In October of last year, Deloitte wrote a piece titled “Strategy execution: What could possibly go wrong?” You can read it here.
If you are like me, you will click on that link, begin to read, and then stop reading because I can’t stand business jargon.
Here’s the tl;dr.
Strategies fail because:
- You don’t identify any actions resulting from the new strategy.
- You don’t change your strategy when things change.
- You don’t sustain the strategy after launch.
I’d like to propose a 4th:
- Your people don’t care about your new strategy.
If you could either save a loved one (i.e. your mother) or save 100 strangers in another country, who would you save? I won’t judge either way, but I would think you would go out of your way to save your loved one. Why? Because you care about that loved one.
Caring about something can drive people to action, or if not action, at least agreement with that issue or topic. If your people care about your strategy, but don’t know how to act, that’s something you can tell them or train them on. If they care about your strategy, but don’t act, you can always do things like aligning incentives with actions that further your strategy. Long story short, once you can get them to care, the rest is easy.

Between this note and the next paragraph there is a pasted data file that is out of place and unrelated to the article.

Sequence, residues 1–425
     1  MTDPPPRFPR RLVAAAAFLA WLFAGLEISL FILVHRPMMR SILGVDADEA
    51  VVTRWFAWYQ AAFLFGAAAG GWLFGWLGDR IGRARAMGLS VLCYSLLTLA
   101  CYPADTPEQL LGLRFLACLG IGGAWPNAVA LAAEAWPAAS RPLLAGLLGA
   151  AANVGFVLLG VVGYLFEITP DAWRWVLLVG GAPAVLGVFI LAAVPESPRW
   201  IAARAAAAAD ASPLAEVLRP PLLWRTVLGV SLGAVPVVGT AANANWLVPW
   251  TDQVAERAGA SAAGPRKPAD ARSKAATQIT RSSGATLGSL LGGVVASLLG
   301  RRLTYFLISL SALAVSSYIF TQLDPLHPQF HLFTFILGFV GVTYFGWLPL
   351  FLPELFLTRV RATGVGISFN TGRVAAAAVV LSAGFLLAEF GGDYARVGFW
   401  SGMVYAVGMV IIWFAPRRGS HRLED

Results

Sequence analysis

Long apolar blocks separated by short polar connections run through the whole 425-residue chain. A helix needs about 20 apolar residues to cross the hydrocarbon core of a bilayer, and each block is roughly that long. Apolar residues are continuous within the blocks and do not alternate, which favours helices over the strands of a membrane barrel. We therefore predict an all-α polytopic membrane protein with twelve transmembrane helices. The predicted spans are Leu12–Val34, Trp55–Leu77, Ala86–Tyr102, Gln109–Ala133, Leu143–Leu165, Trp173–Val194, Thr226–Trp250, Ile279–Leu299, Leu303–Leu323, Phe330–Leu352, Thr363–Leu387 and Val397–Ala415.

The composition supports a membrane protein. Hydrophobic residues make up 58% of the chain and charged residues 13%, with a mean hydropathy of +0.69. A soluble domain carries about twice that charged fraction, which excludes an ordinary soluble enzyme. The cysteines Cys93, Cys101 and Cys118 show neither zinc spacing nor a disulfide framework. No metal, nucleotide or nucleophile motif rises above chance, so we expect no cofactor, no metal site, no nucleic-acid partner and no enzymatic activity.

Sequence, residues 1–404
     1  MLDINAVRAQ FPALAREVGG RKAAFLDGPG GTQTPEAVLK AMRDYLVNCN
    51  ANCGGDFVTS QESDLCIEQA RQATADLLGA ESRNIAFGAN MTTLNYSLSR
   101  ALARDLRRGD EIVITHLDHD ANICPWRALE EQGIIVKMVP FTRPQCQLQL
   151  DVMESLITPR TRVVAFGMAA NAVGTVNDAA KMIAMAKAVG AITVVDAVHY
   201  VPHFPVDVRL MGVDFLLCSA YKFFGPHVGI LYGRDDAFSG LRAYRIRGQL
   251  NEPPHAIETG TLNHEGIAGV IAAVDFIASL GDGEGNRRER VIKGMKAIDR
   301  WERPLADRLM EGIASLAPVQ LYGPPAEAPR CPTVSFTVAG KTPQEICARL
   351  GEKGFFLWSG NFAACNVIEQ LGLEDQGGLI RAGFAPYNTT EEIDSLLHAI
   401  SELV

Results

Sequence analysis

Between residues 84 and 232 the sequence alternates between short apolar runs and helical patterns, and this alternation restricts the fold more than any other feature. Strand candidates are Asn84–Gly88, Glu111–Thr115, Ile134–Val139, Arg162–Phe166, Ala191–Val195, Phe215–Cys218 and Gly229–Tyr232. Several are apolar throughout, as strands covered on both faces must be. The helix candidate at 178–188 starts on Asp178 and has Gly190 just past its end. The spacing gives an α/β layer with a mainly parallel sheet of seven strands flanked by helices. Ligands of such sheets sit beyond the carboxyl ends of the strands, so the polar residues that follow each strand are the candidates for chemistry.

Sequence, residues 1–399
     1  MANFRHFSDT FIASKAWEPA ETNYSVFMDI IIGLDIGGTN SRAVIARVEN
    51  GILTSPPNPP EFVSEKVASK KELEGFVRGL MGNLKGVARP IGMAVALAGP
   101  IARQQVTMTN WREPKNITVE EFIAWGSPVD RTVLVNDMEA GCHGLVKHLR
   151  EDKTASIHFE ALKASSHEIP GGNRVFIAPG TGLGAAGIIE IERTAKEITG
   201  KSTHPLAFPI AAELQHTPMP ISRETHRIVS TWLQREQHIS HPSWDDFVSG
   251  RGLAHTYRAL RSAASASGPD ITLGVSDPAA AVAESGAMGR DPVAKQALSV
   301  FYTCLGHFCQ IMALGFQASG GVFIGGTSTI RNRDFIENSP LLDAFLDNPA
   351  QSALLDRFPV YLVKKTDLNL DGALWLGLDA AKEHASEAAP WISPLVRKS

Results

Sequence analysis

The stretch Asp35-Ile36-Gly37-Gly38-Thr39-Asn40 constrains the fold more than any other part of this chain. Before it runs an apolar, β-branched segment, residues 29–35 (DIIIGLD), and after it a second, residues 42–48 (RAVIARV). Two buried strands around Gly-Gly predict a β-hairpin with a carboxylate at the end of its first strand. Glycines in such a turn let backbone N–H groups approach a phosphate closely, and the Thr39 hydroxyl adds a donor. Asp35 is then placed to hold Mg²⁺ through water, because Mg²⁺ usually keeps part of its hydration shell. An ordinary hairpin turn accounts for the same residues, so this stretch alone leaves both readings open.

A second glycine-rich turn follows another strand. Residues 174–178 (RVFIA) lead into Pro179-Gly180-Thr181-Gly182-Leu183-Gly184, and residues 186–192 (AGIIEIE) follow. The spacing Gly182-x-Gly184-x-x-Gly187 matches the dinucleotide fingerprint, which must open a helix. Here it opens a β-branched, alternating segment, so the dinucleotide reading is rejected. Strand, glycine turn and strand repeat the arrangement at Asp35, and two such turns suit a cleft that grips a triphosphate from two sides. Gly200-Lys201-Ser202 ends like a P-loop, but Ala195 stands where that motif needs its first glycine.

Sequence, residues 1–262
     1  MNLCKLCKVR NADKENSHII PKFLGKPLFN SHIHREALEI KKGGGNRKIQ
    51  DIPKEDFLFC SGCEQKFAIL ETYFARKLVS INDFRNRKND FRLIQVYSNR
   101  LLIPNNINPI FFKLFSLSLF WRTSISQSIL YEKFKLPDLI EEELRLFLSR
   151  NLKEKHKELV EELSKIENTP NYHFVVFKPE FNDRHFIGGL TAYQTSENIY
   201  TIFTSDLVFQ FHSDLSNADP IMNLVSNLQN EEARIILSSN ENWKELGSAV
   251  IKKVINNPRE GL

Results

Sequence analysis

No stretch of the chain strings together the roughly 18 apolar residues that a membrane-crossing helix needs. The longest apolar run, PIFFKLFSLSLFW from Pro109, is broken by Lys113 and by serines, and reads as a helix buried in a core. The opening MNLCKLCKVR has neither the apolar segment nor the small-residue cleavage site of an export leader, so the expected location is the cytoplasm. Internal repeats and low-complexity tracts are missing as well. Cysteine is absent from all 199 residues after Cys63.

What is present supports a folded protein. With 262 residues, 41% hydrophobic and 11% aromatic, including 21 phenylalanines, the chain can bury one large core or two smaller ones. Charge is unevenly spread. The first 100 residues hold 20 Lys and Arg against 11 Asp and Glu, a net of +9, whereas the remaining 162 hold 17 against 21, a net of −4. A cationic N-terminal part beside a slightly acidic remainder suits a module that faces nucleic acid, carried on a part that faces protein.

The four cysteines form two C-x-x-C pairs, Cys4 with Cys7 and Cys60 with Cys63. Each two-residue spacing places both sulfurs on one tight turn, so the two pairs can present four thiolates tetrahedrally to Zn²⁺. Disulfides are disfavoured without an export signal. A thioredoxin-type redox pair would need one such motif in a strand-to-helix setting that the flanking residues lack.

I’m not going to belabor this more than necessary. When you launch your strategy, think about your workforce and ask yourself: do they care? If they don’t, think about how you can make them, and you’ll be setting yourself up for success.
Steven Choi works at Root, Inc. A Strategy Execution Firm. He helps people care about their company’s strategy.